Essay by EssaySwap ContributorHigh School, 11th grade February 2008

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The Pigman by Paul Zindel The Pigman is about two teenagers (John and Lorraine) who make friends with an elderly man (Mr. Pignati). They then abuse his trust in them and the elderly man dies.

I found "The Pigman" to be a very interesting play. The start of it was a little bit confusing but the audience soon learns that they are watching the story of the Pigman as it is being written. "The Pigman" would be a fun play to watch with a very serious and important theme. In John's opening line the audience gets a clear idea that Lorraine and he, have learned something from their experience with the Pigman, something important enough to write a book about while it's still fresh in their minds. John and Lorraine take turns writing each chapter of the book that is being acted out, but the audience eventually forgets that and becomes preoccupied with the story of the Pigman.

The underlying idea dealt within "The Pigman" is that one's life is what they make of it, and only they are responsible for the end result. Both John and Lorraine had unloving parents. John drinks and smokes excessively, most likely avoid becoming his father, he also had very little respect for authority. Most of the problems in his life he blamed his father for, whom he referred to as the "bore." Yet when Mr. Pignati died John realized that he was the one to blame for abusing his trust, and that he could no longer hide from his problems. Lorraine's mother constantly put her down and left her with very little self-confidence. As a result Lorraine was very shy, too shy to stop John from throwing a big party in the Pigman (Mr. Pignati)'s house. Yet when the Pigman died, she knew something had also died in her, and took responsibility for Mr. Pignati's death.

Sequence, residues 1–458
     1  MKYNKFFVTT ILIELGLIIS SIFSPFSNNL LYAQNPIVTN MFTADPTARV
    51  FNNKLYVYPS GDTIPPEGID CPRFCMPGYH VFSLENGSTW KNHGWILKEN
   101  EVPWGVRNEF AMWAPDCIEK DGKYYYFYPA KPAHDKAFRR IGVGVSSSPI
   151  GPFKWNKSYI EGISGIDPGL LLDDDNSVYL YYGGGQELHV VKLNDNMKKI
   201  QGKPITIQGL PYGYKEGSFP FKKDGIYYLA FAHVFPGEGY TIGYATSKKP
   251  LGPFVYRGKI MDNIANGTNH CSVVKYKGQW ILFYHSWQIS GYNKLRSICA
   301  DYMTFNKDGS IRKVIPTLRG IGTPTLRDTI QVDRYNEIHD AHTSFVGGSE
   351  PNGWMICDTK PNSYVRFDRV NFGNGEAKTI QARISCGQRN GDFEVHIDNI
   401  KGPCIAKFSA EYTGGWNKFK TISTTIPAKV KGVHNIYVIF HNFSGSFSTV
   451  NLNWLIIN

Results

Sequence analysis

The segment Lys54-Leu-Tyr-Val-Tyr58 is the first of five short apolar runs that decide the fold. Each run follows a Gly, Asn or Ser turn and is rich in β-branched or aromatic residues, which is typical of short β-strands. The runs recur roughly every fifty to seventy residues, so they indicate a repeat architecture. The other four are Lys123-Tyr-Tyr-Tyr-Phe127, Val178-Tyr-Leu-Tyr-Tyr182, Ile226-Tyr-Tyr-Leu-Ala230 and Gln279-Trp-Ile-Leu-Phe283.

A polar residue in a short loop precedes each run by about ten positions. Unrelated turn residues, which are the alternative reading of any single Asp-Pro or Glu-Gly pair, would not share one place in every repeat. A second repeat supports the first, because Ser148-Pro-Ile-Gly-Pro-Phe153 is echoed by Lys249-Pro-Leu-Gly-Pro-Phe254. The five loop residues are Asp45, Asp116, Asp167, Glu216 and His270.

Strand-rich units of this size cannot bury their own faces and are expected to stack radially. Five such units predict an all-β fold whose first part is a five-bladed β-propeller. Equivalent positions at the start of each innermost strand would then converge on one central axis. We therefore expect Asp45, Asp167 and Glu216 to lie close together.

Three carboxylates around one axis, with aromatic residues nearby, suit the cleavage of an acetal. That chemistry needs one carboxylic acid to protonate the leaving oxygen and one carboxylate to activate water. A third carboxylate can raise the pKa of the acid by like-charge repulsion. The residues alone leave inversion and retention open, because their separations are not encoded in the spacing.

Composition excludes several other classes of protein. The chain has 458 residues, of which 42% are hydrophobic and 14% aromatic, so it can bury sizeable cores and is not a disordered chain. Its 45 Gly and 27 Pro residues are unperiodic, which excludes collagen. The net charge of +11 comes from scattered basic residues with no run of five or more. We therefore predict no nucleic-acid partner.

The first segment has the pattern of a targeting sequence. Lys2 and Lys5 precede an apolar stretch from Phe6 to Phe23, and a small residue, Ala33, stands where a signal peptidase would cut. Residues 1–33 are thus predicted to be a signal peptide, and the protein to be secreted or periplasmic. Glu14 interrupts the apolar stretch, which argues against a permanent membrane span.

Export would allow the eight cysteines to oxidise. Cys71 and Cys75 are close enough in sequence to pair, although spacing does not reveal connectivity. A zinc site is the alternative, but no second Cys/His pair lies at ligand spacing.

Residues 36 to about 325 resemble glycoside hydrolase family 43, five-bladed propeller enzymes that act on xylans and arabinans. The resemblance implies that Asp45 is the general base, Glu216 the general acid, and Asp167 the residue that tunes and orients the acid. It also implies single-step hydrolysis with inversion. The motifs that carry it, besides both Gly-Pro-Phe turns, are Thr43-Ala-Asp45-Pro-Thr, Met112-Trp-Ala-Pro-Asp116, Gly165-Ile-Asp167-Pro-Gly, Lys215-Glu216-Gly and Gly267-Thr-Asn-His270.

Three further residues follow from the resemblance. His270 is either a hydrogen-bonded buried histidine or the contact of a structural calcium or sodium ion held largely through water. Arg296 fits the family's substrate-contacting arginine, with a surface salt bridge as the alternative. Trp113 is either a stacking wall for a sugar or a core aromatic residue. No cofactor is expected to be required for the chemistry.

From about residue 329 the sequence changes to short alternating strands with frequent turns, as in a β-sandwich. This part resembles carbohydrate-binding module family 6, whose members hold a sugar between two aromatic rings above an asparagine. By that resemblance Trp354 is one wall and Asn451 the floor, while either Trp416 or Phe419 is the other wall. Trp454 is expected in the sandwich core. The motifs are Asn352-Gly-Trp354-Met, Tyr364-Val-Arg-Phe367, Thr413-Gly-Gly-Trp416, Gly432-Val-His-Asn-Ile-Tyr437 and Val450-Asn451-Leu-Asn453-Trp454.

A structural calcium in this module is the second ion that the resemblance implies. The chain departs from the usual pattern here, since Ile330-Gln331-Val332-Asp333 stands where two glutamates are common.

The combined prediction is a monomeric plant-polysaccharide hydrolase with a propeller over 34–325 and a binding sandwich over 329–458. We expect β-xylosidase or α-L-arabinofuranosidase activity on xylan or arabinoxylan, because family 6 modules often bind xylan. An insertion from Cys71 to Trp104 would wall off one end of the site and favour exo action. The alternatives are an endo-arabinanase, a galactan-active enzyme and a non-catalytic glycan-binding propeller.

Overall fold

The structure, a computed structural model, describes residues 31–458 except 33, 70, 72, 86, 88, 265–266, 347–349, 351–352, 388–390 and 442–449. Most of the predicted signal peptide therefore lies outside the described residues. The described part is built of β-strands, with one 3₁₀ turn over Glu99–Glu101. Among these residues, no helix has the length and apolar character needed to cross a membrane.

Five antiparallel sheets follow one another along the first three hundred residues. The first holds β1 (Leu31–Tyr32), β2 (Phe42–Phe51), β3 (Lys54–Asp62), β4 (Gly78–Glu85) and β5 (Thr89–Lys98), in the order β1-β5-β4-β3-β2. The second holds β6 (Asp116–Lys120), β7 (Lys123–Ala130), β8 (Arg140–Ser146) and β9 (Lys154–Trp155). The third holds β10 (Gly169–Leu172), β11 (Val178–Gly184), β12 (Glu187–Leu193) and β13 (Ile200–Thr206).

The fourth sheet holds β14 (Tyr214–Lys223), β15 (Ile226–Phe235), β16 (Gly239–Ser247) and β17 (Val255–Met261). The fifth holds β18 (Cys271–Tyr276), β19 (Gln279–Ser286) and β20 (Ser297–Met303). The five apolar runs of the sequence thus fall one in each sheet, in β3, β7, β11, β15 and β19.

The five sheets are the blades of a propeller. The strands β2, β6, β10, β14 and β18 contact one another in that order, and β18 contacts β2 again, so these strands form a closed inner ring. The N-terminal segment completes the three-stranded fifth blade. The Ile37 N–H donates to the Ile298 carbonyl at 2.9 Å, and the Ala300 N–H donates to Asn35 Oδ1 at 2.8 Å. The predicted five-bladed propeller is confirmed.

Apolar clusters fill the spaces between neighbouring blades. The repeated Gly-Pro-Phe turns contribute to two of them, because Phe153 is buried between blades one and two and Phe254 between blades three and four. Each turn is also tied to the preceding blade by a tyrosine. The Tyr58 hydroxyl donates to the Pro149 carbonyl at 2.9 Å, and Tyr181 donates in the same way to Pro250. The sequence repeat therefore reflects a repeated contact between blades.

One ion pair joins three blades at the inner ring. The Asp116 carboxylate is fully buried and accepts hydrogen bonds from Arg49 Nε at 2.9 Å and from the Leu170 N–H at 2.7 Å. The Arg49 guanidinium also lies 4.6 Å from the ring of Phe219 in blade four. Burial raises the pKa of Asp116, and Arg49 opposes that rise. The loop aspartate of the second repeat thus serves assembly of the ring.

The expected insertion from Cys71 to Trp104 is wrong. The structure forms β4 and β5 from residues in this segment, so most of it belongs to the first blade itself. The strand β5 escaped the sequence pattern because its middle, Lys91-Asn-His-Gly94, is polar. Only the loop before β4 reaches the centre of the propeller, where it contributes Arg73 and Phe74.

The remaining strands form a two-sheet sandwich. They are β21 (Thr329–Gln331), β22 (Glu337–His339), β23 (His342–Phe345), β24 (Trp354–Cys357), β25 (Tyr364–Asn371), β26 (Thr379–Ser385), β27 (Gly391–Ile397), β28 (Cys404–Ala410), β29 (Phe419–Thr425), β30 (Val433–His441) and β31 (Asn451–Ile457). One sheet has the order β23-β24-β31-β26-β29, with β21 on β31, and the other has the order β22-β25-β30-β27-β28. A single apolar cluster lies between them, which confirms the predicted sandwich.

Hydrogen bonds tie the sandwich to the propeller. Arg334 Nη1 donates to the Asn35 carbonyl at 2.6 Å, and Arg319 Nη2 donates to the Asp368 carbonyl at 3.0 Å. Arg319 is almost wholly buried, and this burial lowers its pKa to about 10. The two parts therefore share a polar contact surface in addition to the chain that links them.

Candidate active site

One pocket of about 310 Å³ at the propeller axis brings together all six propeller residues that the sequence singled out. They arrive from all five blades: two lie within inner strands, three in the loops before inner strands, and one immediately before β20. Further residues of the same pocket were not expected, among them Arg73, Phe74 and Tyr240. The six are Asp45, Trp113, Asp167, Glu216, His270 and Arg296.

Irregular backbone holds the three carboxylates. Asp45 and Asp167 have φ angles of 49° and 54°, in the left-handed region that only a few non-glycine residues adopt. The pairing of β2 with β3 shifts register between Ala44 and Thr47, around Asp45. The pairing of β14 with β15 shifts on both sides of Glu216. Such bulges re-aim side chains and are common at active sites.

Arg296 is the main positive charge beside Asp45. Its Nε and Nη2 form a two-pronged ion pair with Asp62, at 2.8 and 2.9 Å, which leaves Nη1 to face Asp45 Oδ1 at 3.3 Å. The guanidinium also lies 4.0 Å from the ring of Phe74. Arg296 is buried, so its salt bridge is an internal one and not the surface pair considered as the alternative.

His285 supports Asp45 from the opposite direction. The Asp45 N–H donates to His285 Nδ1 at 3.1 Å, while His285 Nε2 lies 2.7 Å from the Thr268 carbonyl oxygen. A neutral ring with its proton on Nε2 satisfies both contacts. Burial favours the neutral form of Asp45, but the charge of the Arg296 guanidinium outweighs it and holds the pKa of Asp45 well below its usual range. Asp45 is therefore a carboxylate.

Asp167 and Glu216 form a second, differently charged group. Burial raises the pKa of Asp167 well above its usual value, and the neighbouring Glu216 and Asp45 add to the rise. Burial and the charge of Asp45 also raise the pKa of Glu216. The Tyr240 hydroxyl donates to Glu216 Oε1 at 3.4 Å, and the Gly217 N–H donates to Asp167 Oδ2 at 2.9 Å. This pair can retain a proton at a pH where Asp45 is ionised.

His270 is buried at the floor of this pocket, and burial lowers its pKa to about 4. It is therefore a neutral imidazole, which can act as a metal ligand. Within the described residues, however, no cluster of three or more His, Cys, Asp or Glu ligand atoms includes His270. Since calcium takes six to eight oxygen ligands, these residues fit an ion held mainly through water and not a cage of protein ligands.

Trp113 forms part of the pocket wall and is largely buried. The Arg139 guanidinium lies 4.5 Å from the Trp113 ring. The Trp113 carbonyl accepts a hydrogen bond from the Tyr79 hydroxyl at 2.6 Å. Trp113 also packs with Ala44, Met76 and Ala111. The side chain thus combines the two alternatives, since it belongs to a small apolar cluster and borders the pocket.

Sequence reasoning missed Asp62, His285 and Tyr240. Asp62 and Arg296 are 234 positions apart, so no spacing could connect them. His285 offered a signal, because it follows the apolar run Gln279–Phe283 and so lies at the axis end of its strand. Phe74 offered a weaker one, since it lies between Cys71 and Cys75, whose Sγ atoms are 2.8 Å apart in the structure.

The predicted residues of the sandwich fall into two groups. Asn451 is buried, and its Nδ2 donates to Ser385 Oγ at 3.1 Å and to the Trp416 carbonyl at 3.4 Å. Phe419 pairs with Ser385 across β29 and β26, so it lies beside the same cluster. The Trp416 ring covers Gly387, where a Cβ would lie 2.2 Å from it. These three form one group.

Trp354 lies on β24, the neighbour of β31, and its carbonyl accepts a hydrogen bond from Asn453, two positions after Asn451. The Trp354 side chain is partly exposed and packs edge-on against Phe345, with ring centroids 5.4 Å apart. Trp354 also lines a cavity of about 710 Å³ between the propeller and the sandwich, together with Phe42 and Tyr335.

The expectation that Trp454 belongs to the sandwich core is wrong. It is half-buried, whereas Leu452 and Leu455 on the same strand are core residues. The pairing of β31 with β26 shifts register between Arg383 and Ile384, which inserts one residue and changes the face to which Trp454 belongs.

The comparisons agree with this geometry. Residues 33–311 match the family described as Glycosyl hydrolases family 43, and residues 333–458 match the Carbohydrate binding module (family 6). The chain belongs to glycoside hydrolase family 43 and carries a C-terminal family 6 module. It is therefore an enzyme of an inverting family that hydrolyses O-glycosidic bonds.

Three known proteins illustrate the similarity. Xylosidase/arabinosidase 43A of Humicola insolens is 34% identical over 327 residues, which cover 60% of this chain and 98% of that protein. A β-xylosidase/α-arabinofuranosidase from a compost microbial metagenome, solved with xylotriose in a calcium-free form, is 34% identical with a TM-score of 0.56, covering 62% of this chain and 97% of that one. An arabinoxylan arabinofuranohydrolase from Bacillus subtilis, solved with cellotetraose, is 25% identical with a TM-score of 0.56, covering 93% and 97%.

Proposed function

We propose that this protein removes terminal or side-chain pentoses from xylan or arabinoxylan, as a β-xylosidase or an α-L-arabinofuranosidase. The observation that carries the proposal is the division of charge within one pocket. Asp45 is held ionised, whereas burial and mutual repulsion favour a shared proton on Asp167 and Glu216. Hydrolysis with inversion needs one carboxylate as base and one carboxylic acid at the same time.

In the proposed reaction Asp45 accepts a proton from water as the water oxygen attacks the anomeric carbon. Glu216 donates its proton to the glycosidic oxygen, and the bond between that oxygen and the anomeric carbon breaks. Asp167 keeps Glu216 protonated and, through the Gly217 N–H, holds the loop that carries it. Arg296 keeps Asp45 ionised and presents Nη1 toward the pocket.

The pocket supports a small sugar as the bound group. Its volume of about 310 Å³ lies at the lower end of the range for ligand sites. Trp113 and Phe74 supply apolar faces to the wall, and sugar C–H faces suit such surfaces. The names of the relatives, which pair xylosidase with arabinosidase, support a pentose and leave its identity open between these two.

At the end of the play, John refers to all mankind as "Big blabbing baboons - smiling away, and not really caring what is going on as long as there are enough peanuts bouncing around . . . baboons concentrating on all the wrong things." John regretted not realizing this sooner, and the thought that Mr. Pignati died having only one real friend - a baboon at the zoo, made him sick to his stomach. Lorraine's last line summarizes the two teenagers' problem, "They build their own cages . . . ," what they were facing was their own doing and it was up to them to break free and move on, having learned something. An important lesson for everyone.